Jenny: Tacitus

The rock on which Master Lucius perched was damp and uncomfortable, and the tablet lay awkwardly over his knees, shifting and flapping whenever he attempted to press down on it. Grimly setting his lips in a line, he took firm hold of the thing and brandished his writing implement. There was no time to be flapping about.

Twelve posts were set up, one at each corner of the area and two between each corner, all hung with clusters of lamps. It seemed large to me at first, more room than men would need, but as the crowd gathered in silence on the outskirts, pressing in to the fringes of the light, giving the enclosure a sense of real urgency, and when the two men stepped into the light, the area seemed tiny.

To describe their faces is the work of another man. The Guttersnipe, perhaps, whose perception lies closer to the heart of things, could do it justice - but not I. Suffice it to say that both men were stripped to their tunics, wearing a single guard upon each forearm, holding in their left hands small bucklers. Cunorix the Mercenary wore his dark red warrior's tunic, which seemed faintly mocking in this assembly, and the Lord of Eryri wore his simple white. Long ago, in the old times, men would bait men this way, and cheer for spilt blood. Even among our forward race are brutal and backward customs. And this night was one of those nights. Forward as Lord Ambrosius is, as Roman as his blood runs, the night was wild and shadow-filled, British as you pleased. He stood to the left end of the enclosure, sword and buckler in hand, the calm and eagerness flickering in his -

But I won't. There was no time wasted. They felt their weapons - Cunorix to learn what sort of sword he carried, Ambrosius for the comfortable show of it - and began the dance which to any man who has not danced it appears awkward. The bucklers flashed in the light as the men moved round and round, watching each other carefully. To one who has not danced, it is hard to understand the strain upon the nerves which each heartbeat brings. There is no idle moment in the whole movement. Everything means something: the ripple of the fingers, the twitch of an eyelid, the purse of the lips, the shift of the ball of a foot in the dirt. These men fight for their lives, and when they fight, there is nothing else in the world.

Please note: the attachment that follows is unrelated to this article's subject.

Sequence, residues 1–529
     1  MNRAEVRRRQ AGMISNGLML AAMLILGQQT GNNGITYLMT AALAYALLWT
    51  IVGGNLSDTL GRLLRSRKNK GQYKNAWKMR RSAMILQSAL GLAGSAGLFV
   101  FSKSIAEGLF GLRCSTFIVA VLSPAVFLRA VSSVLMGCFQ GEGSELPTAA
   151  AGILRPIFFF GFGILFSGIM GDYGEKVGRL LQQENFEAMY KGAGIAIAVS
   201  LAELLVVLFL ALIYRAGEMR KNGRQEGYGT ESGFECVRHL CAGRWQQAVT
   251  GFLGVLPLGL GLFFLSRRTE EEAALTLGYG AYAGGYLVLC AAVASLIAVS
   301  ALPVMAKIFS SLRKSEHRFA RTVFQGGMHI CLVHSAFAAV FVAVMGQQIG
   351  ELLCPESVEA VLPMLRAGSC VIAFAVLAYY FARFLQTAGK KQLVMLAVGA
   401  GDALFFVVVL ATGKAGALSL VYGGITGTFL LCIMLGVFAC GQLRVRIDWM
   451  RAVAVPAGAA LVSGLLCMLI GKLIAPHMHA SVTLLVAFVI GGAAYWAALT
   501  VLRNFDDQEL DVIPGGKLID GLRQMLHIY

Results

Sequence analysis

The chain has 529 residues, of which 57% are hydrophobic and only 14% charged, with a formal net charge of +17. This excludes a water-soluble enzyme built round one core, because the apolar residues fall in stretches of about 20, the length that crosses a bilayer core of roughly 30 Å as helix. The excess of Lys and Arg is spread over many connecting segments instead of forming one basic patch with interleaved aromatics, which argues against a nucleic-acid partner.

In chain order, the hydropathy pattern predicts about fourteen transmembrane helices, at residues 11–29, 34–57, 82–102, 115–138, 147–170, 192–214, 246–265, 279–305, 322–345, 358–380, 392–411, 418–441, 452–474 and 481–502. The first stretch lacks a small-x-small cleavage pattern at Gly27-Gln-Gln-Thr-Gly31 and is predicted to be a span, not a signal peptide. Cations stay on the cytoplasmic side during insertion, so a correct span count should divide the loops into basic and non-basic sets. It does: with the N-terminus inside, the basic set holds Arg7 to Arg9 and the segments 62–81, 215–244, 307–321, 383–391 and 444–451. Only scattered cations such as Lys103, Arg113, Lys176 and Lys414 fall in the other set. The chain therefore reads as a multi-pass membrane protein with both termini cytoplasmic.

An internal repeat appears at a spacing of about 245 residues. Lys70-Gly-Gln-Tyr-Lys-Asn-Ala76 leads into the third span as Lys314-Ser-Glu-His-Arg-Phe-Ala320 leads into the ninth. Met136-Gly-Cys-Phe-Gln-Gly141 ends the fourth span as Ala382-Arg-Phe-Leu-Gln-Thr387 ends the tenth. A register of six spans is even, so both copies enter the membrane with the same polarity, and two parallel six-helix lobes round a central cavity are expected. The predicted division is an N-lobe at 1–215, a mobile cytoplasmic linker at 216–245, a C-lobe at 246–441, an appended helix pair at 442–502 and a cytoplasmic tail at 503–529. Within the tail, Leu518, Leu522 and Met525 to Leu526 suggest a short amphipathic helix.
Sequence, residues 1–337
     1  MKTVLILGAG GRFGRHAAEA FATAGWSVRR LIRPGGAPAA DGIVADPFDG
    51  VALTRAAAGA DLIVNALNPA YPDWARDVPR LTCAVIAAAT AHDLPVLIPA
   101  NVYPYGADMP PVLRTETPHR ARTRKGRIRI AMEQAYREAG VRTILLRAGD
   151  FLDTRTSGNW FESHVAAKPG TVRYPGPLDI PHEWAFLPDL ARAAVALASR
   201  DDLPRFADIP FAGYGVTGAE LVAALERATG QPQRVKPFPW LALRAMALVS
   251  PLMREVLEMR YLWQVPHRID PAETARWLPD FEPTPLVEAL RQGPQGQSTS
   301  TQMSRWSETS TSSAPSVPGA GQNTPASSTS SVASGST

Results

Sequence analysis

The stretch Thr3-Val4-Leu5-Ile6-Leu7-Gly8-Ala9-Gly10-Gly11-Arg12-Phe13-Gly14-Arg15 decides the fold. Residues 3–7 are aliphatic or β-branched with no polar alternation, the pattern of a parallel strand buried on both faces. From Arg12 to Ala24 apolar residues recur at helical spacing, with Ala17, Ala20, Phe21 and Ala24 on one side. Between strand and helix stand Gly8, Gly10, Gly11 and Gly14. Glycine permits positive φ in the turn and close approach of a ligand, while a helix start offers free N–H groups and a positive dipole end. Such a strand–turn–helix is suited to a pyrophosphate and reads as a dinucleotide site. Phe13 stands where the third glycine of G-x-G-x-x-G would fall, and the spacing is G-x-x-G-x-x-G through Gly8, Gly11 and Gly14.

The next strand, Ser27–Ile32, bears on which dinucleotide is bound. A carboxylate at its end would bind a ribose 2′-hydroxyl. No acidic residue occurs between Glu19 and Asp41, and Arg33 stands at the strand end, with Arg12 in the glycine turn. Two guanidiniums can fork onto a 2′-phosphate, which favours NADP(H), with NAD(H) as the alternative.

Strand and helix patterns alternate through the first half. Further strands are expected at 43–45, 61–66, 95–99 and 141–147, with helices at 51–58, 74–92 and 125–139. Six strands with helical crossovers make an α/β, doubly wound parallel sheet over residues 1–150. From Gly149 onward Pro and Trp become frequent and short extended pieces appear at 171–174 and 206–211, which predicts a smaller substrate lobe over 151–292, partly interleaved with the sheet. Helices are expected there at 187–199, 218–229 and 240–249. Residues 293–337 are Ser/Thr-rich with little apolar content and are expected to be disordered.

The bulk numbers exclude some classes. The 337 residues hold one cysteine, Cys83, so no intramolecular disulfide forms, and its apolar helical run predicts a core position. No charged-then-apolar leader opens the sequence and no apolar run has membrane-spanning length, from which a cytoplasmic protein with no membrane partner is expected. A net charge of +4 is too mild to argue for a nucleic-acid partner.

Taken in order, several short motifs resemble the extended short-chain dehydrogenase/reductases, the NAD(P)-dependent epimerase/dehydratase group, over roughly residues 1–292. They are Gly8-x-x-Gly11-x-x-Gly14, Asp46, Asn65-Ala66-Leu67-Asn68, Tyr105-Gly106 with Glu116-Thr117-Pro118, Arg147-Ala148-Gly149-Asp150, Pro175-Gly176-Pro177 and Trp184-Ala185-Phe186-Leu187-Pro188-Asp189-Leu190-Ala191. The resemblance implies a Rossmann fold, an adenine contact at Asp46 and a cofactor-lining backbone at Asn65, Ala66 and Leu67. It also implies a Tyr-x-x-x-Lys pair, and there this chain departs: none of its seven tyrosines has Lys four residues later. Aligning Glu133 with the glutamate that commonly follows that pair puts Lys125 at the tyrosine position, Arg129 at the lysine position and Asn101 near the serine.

The whole crowd jerked as one when the two finally sprang together and closed the gap. The valley rang with the collision of their swords and bucklers. They did not draw off. They kept at each other like pitted stallions, both of them elegant, deadly, and furious.

There are plenty of similarities between Ambrosius and Artos which must always be between a father and a son, but where Artos fought like a hammer, Ambrosius truly fought like a dance. His strokes were each slow and sure, each graceful - but even Artos would stagger at times under those blows, and the Merlin is renowned for his arm. As Ambrosius locked into the deadly reel with Cunorix, it was a sight almost as difficult to describe as his countenance. Cunorix's fighting, superb in itself, was much like the Merlins: fast, furious, calculating but hard. The observer feared for a moment that the mercenary's strokes would be too quick for the Hawk's. Yet no matter the speed of Cunorix's blade, Ambrosius met him, and Ambrosius was never hurried. He fought as a lady dances. It was truly beautiful to see.

There is one aspect of countenance worth mentioning. Or, rather, that the observer feels can be mentioned with any accuracy. There was upon the faces of the one, the Lord of Eryri, a certain assurance, an assurance of victory; and upon the face of the other, the reckless assurance of defeat. Throughout the whole fight those expressions never wavered, and it is in my mind that it must be a terrible thing to fight across from either face.

It ended with a movement too fast to see on Cunorix's part, and with the usual slow ease on the part of the Hawk. There was a blur of the former's sword, Ambrosius turned on the ball of one foot, and in his deliberate movements both avoided his adversary's sword and brought his own across the other's neck in the open space left behind. The fight went out of the mercenary in an instant, the lifeblood pooling into his cupped hands, and the observer was too busy writing these things to see Ambrosius stoop to give the mercy stroke. Grateful is the observer.

Wulf touched his shoulder inquiringly. Master Lucius looked up and nodded, having put the last line in for now. Across the enclosure he saw Ambrosius standing with Artos and Jason and the Guttersnipe. He could not see Jason's face, but the Guttersnipe was white and Artos was flushed; Ambrosius did not seem perturbed as he cleaned his hands quietly and gave the rag over to one of the maids to bear away. But Master Lucius, who had seen the constant look upon Ambrosius' face during the fight, a look which he would never forget, nor would he ever share with another soul, knew that the composure was hardly callous ease.

He had never really realized how great a man Ambrosius was until now.

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